In an out-of-state case, a senior citizen aged 89 years old underwent open heart surgery along with a bypass and heart valve replacement at a hospital. Open heart surgery is literally that-the patient's heart is opened up and the surgery is performed on the internal structures of the heart. So it is a really intense, risky, and dangerous surgery because the blood flow has to be rerouted or, as posted recently, surgeons use hyperthermia to elongate the time they have.
Three days after the surgery, doctors realized the sponge was still inside and attempted to remove it. However, the patient died of bleeding complications in the subsequent surgery to remove the sponge. The hospital maintained that the patient died due to his poor health condition, and it will be interesting to see what the jury finds considering it is pretty conclusive that he died on the table during the second surgery to remove the sponge negligently left behind.
A few months ago, I had an extensive blog post on foreign objects and explained them in some detail. What is interesting is that cases like this are NOT really that uncommon. In fact, there are about 1,500 cases a year where a something was left inside the patient. Granted, there are a lot of surgeries so the percentage of surgeries with something left in the patient is probably miniscule. Yet, just that it still happens is disheartening, especially when it results in the death of the patient.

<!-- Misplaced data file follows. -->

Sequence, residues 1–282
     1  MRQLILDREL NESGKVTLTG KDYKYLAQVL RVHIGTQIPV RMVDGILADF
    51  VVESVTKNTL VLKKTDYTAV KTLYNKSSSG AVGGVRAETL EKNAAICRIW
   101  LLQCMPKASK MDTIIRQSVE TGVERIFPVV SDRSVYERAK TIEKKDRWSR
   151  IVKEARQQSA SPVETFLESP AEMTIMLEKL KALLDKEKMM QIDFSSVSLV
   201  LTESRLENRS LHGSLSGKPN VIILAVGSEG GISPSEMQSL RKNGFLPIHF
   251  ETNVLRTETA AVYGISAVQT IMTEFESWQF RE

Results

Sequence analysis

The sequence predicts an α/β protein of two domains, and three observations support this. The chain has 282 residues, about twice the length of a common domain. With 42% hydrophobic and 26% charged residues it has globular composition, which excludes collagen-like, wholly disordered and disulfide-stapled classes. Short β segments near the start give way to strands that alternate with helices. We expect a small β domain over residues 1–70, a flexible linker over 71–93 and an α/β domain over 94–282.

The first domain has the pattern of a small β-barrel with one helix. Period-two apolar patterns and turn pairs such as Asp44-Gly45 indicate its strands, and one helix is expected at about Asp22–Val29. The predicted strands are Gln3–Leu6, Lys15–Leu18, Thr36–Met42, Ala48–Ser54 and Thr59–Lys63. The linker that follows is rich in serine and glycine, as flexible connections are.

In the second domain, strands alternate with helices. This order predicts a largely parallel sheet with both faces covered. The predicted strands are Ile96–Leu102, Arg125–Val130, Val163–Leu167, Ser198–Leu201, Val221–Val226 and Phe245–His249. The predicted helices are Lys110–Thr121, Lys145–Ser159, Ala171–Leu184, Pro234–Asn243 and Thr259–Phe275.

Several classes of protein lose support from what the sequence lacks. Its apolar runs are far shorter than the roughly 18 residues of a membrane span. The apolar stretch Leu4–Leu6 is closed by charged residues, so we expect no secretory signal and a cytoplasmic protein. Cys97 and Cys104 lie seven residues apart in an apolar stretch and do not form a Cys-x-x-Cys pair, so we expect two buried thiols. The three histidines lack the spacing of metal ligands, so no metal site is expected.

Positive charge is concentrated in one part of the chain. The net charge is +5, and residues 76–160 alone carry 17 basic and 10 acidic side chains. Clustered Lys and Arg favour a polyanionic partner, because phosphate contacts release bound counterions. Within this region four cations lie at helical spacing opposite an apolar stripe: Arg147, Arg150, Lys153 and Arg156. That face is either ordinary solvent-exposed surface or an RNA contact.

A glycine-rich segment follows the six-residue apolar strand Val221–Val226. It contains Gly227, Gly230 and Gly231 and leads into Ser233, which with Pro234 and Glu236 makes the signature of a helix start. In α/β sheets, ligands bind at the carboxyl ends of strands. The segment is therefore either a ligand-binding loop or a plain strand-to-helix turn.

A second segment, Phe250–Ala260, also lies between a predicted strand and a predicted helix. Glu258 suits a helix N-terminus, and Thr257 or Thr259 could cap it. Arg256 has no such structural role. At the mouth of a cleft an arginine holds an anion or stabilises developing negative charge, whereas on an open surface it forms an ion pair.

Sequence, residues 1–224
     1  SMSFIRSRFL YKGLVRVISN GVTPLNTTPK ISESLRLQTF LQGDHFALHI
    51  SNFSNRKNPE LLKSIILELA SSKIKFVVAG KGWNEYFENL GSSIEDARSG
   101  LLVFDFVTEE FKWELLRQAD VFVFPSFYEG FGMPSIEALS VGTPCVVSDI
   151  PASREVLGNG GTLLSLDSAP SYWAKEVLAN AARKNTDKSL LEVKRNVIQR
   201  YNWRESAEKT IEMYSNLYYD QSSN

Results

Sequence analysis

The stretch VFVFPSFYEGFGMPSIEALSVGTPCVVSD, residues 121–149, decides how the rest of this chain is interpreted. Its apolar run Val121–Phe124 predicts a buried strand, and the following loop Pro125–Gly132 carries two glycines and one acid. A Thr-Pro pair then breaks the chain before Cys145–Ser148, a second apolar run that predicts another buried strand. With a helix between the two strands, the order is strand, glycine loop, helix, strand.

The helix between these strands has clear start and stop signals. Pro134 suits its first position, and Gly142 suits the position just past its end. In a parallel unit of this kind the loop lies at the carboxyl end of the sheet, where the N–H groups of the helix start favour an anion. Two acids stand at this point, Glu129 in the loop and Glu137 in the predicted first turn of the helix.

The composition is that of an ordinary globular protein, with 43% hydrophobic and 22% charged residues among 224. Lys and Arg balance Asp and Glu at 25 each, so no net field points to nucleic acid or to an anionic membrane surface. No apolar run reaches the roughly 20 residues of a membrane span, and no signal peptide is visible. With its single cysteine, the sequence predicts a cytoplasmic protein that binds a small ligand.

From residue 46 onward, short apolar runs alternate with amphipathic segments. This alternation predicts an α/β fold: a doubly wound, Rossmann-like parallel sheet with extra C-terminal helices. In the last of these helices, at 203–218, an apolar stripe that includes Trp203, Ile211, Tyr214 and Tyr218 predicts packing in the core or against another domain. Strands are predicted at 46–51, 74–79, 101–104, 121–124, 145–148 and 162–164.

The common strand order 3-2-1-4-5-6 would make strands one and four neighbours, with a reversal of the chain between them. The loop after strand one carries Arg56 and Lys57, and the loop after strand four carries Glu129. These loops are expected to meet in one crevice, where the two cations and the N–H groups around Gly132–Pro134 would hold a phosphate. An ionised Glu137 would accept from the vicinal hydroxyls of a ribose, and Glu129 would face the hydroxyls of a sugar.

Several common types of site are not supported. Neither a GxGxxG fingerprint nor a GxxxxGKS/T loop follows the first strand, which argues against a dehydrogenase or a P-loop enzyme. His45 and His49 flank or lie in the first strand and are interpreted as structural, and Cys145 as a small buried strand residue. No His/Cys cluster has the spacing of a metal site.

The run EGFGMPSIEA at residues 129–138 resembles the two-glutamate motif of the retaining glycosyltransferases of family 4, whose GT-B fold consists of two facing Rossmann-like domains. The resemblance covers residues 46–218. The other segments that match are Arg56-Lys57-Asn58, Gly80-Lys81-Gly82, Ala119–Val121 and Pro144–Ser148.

Hospitals do have procedures for counting sponges, tracking codes, precautionary x-rays, and other special methods to keep track of equipment. Yet, when there are humans involved there will always be errors no matter how careful you can be; we aren't perfect and we can't be expected to be.
It is important to know that this case was just filed, so the hospital and doctors are NOT guilty yet; their liability hasn't been determined. All that has happened was the ball is now rolling and the litigation process will begin. But this case reminds me of one that happened years ago at St. Francis in Poughkeepsie; in fact it is quite a famous case. In Kambat v. St. Francis (http://www.law.cornell.edu/nyctap/I97_0015.htm), the physicians left a sponge inside of a patient during a surgery too. When they realized the error after she had continued stomach pain after months went by, she had an x-ray and underwent another surgery where the pad was found. However, the pad had created an abscess in her bowels, which ultimately resulted in her death. The case is a bit complicated as to the theory of liability, but in the end the hospital was found liable for the damages to Ms. Kambat and her family. As for the case just filed here, I do not think the facts are so drastically different than Kambat actually, and I wouldn't be surprised if the hospital and surgical team were found to be liable.
But what do you think? I would love to hear from you! Leave a comment or I also welcome your phone call on my toll-free cell at 1-866-889-6882 or you can drop me an e-mail at [email protected] . You are always welcome to request my FREE book, The Seven Deadly Mistakes of Malpractice Victims, at the home page of my website at www.protectingpatientrights.com.